What is the story here?
This is the full paper publication of an observational study which was first presented as a poster and about which we blogged back in September 2007. We also discussed it in a podcast (13th September). The authors (all employed by Pfizer, which markets atrorvastatin, with a statistician from a contract biostatistics company) analysed the GP records of 2511 patients switched from atorvastatin to simvastatin and matched them with 9009 controls. Records were obtained from a UK primary care database (THIN). Importantly, the last data collection was June 2005.
What does this study claim?
Switching treatment was associated with a statistically significant increase in the risk of death or major cardiovascular events (myocardial infarction (MI), stroke or coronary revascularization) compared with patients who did not switch (Hazard Ratio [HR] 1.30, 95%CI 1.02 to 1.64; P = 0.030). Within this composite endpoint, only stroke occurred statistically significantly more frequently in the switch group: there were no significant differences in rates of MI or revascularisation. There was also no significant difference in the rate of death. Patients who switched were also more likely to stop taking their statin than those who did not switch (adjusted HR for discontinuation 2.15, 95%CI 1.96 to 2.36, P<0.001)
We discussed some of the limitations of this study in our previous blog. Two GPs with a special interest in cardiovascular medicine (Terry McCormack and Rubin Minhas) have written an editorial commenting on the paper, picking up the extra information that is presented over and above that which was available in the poster. They point out that nearly 26% of the switch group ended up taking only 10 mg simvastatin, and a further 39% were taking only 20 mg simvastatin. Only 31% were taking the 40 mg simvastatin dose usually recommended in switch programmes. By contrast, about 42% of control patients were taking atorvastatin 20mg-80 mg. At baseline 60% of patients in the switch group achieved the QoF target for total cholesterol (5mmol/L) compared with 74% of patients in the control group. At one year 65% of switch were achieved the QoF target compared with 72% of controls.
As McCormack and Minhas point out, the timescale of the study means that “It is likely that many people in this study underwent an ‘involuntary’ switch rather than a ‘planned’ switch – a crucial differentiation. People who involuntarily switch will usually do so because of side effects, though in some cases they may be hypo-responders to statins. (The proportion of patients at QoF target at baseline indicates this may well be the case). Being mindful of recent side effects, further treatment is often initiated with a lower-dose statin that is less likely to cause side effects. People that have experienced side effects are less likely to comply with treatment and are more likely to have co-morbidities and to be in a higher risk group.”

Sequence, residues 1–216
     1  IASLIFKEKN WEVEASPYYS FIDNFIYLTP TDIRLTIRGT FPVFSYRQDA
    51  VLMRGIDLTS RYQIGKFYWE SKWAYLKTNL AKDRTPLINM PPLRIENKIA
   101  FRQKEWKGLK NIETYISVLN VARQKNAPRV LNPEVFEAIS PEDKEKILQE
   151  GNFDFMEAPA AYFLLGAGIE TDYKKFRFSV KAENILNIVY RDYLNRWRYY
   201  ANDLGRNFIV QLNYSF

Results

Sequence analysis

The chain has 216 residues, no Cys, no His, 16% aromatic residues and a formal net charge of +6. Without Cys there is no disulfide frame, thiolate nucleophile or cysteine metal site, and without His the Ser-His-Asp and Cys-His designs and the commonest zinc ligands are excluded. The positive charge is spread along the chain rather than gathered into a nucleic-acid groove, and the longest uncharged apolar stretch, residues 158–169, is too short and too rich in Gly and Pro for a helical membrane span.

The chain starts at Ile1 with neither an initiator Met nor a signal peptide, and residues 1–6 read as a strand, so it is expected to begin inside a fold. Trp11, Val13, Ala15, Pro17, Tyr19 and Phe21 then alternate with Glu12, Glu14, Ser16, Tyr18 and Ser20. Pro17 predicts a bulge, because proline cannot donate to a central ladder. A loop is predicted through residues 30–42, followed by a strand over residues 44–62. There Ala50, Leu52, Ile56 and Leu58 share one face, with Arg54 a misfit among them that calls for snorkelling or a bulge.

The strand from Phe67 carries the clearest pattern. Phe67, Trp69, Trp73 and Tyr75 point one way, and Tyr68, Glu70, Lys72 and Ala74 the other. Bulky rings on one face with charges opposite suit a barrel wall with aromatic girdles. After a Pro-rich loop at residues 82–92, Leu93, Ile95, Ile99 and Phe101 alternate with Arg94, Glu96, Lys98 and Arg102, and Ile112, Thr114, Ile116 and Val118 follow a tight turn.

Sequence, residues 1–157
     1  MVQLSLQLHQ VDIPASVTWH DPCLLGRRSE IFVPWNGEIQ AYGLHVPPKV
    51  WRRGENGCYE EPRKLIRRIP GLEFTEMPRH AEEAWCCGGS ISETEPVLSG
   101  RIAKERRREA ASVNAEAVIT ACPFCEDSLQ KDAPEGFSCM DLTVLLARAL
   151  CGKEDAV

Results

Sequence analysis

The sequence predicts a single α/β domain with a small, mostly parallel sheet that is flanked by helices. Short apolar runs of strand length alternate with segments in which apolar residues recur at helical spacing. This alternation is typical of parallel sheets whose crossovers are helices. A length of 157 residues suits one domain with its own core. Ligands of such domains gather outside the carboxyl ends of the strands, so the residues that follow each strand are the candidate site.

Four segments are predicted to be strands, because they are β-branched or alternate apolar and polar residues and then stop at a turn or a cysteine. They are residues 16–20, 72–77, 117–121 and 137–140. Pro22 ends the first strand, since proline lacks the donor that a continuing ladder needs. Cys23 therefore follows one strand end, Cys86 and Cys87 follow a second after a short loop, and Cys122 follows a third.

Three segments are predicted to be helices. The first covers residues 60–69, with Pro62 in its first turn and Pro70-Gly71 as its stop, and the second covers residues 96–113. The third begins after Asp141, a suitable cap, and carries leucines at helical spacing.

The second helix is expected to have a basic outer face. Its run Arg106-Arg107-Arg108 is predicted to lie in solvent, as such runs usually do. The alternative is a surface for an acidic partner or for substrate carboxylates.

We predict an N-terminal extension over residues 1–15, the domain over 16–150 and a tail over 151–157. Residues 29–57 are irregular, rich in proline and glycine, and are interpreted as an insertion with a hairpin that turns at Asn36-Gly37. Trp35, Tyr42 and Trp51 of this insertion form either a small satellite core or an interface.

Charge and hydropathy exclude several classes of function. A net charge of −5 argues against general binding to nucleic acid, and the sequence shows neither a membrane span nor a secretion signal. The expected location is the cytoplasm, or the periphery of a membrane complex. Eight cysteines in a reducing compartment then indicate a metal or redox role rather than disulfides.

We wholeheartedly agree with McCormack and Minhas that this study has little implication for current policy, but does indicate the importance of undertaking statin switching programmes with care. One of many highly successful programmes was discussed at a meeting on this topic held in Yorkshire. Support materials are available on the lipids section of NPC.
Prescribers should continue to choose simvastatin 40 mg daily as first choice drug and dose for most patients who need a statin (bearing in mind contraindications and interactions). Wherever possible, taking into account individual patients’ circumstances and wishes and in the context of a carefully constructed switching programme, there is no good evidence that moving existing patients from standard doses of atorvastatin to simvastatin 40mg would adversely affect cardiovascular risk reduction.